Thursday 2 April 2020

Tougher New Zealand rules on Covid-19 could set it apart as 'normal' nation after lockdown

Epidemiologist tells parliamentary committee even more stringent measures could ‘eliminate virus over next few weeks’

The New Zealand government’s swift move to lock down the country when there had been no deaths and only a few hundred cases of Covid-19 has drawn widespread praise - but an epidemiologist told a committee of lawmakers on Tuesday that the rules alone would not be enough to curb the virus’ spread.

“It’s like pressing the pause button on your device,” David Skegg, an emeritus professor of epidemiology at the University of Otago, said of the four-week national lockdown that began last Wednesday. He added that the sacrifices New Zealanders had made by staying at home, and the hit to the country’s economy of a national shutdown, would be “a terrible waste if we don’t pull out all the stops now.”

“We could effectively eliminate the virus over the next few weeks,” said Skegg, if officials were more ambitious in their testing and contact tracing measures during the lockdown. He added that the government should ensure the lockdown was as comprehensive as possible, and tighten restrictions on those in quarantine after arriving from overseas – some of whom have reported being allowed out of their isolation to buy groceries, which should not be allowed.
The deserted main road in Lyttelton, New Zealand, as a result of the coronavirus lockdown. Photograph: Kai Schwörer/Getty Images

He urged the government to produce a single, clear document explaining its goal, which he said should be elimination of the virus.

“We could be one of the very few countries on earth to be functioning normally” after the lockdown, Skegg said, adding that most countries had ordered the public to stay at home “much too late”.

“We still have a window of opportunity but only if we lift our game quickly,” he said.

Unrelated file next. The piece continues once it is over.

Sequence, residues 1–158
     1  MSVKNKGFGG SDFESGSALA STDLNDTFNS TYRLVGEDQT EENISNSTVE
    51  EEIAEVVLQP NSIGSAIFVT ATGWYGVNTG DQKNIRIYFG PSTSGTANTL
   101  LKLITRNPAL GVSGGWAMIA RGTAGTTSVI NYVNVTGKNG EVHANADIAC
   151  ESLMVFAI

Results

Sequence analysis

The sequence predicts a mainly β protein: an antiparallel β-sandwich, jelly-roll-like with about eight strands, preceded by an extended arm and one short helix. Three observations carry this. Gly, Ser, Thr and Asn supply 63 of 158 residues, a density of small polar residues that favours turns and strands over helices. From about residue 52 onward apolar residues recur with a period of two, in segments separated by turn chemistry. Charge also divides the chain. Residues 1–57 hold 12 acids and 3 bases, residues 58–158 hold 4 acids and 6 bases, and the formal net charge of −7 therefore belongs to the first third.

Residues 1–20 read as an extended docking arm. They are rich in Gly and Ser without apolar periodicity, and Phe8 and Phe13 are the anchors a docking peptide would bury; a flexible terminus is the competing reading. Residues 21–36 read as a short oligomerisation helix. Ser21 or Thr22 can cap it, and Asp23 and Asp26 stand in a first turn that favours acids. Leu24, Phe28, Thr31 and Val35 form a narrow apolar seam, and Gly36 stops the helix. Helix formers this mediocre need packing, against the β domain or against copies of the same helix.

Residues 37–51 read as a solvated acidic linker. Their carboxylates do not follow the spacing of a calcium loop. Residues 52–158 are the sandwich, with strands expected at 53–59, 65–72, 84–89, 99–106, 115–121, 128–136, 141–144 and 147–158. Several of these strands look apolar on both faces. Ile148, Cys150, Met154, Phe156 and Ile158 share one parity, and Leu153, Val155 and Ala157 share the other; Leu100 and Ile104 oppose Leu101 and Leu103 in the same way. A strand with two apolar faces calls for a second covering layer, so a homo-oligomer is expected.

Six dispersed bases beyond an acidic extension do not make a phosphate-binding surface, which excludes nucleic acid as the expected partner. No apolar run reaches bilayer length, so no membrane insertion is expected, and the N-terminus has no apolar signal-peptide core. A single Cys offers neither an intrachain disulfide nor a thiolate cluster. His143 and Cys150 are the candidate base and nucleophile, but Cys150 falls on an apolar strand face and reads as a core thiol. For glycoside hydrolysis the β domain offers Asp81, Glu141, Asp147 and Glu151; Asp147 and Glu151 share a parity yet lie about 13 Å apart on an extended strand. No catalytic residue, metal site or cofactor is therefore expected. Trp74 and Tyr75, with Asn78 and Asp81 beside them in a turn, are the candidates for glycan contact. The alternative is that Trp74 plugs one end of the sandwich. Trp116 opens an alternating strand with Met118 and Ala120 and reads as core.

Skegg was speaking to a New Zealand parliamentary committee convened to hold government and public officials to account over their decisions on the Covid-19 pandemic. It is chaired by the leader of the opposition, Simon Bridges, and features MPs from every political party in parliament.

New Zealand has recorded 647 cases of coronavirus; 14 people are in hospital with the virus, including two in intensive care, and one person has died.

The number of those infected, Skegg told the committee, was “likely far higher” than the number of cases confirmed, and authorities had “really ... no idea of the extent of community spread,” he said. 

Health officials say 1 to 2% of cases in New Zealand were contracted through community transmission, a rate that they expect to grow.

Skegg said that as testing had been “heavily skewed towards those returning from overseas,” it was unsurprising that the figures of community spread were so low.

Separately on Tuesday, the government released modelling that informed its decision to lock down the country, which showed as many as 14,000 New Zealanders could die if coronavirus got out of control, with more than 65% of the population infected. Those aged 60 and over were most at-risk.

New Zealand’s director general of health, Dr AshleyBloomfield, said extra PPE supplies were being rushed to workers on the frontline, many of whom have told MPs and the media they were running out of protective gear and felt unsafe doing their jobs.

On Tuesday a national state of emergency was extended for an additional seven days. The emergency declaration gives officials the power to requisition goods, close roads, and direct people to move from certain areas.

Meanwhile, the national airline carrier Air New Zealand said that 3,500 employees would be laid off in the coming months as it grapples with severe global travel curbs that has led to cancellation of nearly all its flights.

In an email to staff and customers, Greg Foran, the chief executive, said if domestic restrictions on travel continue beyond the planned 28 days, further layoffs may be required.

Foran said that in a year’s time he expects staffing levels to be 30% smaller than they are currently.

(Source: The Guardian)

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